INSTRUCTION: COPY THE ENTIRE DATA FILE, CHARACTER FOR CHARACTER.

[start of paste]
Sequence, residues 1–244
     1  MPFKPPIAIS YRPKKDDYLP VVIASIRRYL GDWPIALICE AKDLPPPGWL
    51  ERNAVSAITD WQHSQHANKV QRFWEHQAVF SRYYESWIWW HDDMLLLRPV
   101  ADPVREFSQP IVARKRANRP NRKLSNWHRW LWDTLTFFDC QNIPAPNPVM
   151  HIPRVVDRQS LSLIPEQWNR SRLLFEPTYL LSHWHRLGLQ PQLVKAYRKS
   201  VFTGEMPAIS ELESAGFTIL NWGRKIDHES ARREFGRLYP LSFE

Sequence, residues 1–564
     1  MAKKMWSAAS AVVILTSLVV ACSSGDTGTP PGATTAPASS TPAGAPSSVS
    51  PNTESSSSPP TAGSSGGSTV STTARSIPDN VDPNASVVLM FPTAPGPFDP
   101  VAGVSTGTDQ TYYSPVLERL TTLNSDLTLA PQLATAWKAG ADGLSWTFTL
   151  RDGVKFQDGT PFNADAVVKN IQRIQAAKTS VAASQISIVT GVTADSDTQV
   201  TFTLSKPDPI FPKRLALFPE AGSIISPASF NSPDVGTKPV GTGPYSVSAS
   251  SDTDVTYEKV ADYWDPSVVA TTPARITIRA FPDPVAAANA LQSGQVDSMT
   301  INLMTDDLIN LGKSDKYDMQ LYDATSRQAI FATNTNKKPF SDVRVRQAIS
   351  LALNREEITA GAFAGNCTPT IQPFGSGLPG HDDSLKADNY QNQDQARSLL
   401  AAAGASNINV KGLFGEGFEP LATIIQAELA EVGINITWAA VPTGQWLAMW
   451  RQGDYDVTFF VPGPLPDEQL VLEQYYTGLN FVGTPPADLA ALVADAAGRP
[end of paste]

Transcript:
Sequence, residues 1–244
     1  MPFKPPIAIS YRPKKDDYLP VVIASIRRYL GDWPIALICE AKDLPPPGWL
    51  ERNAVSAITD WQHSQHANKV QRFWEHQAVF SRYYESWIWW HDDMLLLRPV
   101  ADPVREFSQP IVARKRANRP NRKLSNWHRW LWDTLTFFDC QNIPAPNPVM
   151  HIPRVVDRQS LSLIPEQWNR SRLLFEPTYL LSHWHRLGLQ PQLVKAYRKS
   201  VFTGEMPAIS ELESAGFTIL NWGRKIDHES ARREFGRLYP LSFE

Sequence, residues 1–564
     1  MAKKMWSAAS AVVILTSLVV ACSSGDTGTP PGATTAPASS TPAGAPSSVS
    51  PNTESSSSPP TAGSSGGSTV STTARSIPDN VDPNASVVLM FPTAPGPFDP
   101  VAGVSTGTDQ TYYSPVLERL TTLNSDLTLA PQLATAWKAG ADGLSWTFTL
   151  RDGVKFQDGT PFNADAVVKN IQRIQAAKTS VAASQISIVT GVTADSDTQV
   201  TFTLSKPDPI FPKRLALFPE AGSIISPASF NSPDVGTKPV GTGPYSVSAS
   251  SDTDVTYEKV ADYWDPSVVA TTPARITIRA FPDPVAAANA LQSGQVDSMT
   301  INLMTDDLIN LGKSDKYDMQ LYDATSRQAI FATNTNKKPF SDVRVRQAIS
   351  LALNREEITA GAFAGNCTPT IQPFGSGLPG HDDSLKADNY QNQDQARSLL
   401  AAAGASNINV KGLFGEGFEP LATIIQAELA EVGINITWAA VPTGQWLAMW
   451  RQGDYDVTFF VPGPLPDEQL VLEQYYTGLN FVGTPPADLA ALVADAAGRP